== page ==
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Is Your Organization Secure From DNS-Based Cyber Attacks?

Cybersecurity threats grow more complex every day, and one of the different types of attacks that are seen are DNS-based cyber-attacks. DNS-based cyber-attacks can come in a variety of different forms, from DNS spoofing, DNS hijacking, and DNS cache poisoning. These DNS-based attacks focus on redirecting a victim’s web traffic to either malicious webpages, like phishing webpages, or to fake web servers.

These types of attacks utilize Man in the Middle Attacks, DNS server hijacking, and DNS cache poisoning, via spam emails or other phishing methods, to implement these DNS attacks. To learn more about DNS-based attacks, we need to first learn about DNS in general and how it works.

Domain Name System (DNS)

The Domain Name System, or DNS, translates a domain into its corresponding Internet Protocol (IP) address. A domain is a text version of an IP address, connecting you to a website’s web server. This text version is meant to make web addresses easier to remember for humans. An example of a domain is www.google.com. An IP address is a string of numbers that uniquely identifies a computer or web server.

Working along with IP addresses and domains are DNS servers. These servers come in four types: resolving name server, root name servers, top-level domain name servers (TLD name servers), and an authoritative name server. Each of these types of DNS servers has a different function, but the most important one is the resolving name server. The resolving name server takes the IP address and queries a number of different web servers until it connects the user to the web server that they desire. 

The main process taken advantage of with DNS-based attacks is the method of DNS Lookup. DNS Lookup has several different steps:

  1. The user’s web browser and Operating System (OS) work together to try and recall the IP address of the domain the user is attempting to reach. If the user has connected to the domain address previously, that IP address will most likely have been cached and allow the user to quickly connect to the domain address.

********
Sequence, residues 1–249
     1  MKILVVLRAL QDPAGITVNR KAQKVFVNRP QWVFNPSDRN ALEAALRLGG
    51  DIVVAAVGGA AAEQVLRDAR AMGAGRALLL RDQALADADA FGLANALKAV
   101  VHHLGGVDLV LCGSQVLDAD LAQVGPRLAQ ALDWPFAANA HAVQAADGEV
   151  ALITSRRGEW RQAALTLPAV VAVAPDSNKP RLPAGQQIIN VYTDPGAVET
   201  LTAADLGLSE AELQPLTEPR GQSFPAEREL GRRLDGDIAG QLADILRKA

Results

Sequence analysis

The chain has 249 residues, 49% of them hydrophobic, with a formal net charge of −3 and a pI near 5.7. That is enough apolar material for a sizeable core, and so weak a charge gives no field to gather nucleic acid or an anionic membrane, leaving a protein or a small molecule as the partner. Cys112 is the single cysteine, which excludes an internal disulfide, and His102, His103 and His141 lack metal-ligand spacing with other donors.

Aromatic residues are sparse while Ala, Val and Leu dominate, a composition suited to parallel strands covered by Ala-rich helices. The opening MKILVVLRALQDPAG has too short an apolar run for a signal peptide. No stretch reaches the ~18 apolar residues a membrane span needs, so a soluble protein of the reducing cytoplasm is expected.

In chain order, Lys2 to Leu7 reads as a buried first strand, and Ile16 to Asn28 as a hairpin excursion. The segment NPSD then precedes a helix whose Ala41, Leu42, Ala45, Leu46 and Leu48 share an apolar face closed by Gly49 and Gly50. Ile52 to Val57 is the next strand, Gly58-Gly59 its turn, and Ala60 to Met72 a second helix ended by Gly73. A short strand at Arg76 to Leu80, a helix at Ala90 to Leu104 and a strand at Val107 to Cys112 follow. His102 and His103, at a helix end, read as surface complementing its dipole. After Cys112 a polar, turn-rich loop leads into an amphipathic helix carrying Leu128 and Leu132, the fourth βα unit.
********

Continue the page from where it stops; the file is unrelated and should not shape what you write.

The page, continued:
2. If that IP address has not been previously cached, then it moves to the next step which is the OS querying the DNS resolving server. The resolving server queries web servers, until it reaches the required IP address it is attempting to find for the user.
  3. The resolver will then find the IP address, and send it back to the host OS, who then sends it to the user’s web browser.

DNS Lookup is the core of the Internet, providing everyone with access to the domains that they need to reach. This gives attackers a number of different methods to steal data, such as Man in the Middle Attacks, phishing attempts, and DNS server hijacking.

Methods of DNS-Based Attacks

DNS-based attacks, like I mentioned, can be done through a number of different methods, and the most common method is a Man in the Middle attack. The way a Man in the Middle attack works is that a threat actor will intercept messages between a victim and server they are attempting to reach. Those messages, whether they are encrypted or not, will be collected by the attacker and they will read the messages if they aren’t encrypted, or they will attempt to decrypt them and then read the messages. This attack is not that complicated to implement, which is one of the reasons it is done most commonly.

Another method threat actors use for DNS-based attacks is phishing attempts. Phishing via spam is used to trick victims into heading to illegitimate web pages with malicious URLs that the victims then click. Once that malicious URL is clicked, a malware payload containing anything from spyware to DNS cache poisoning tools can be downloaded to the victim machine. Many different phishing methods exist, with spam emails containing the malicious links being the one most often used for DNS cache poisoning. When dealing with DNS cache poisoning, which we will discuss more later, your web browser’s attempts to access webpages will be redirected to spoofed or false webpage that seem legitimate.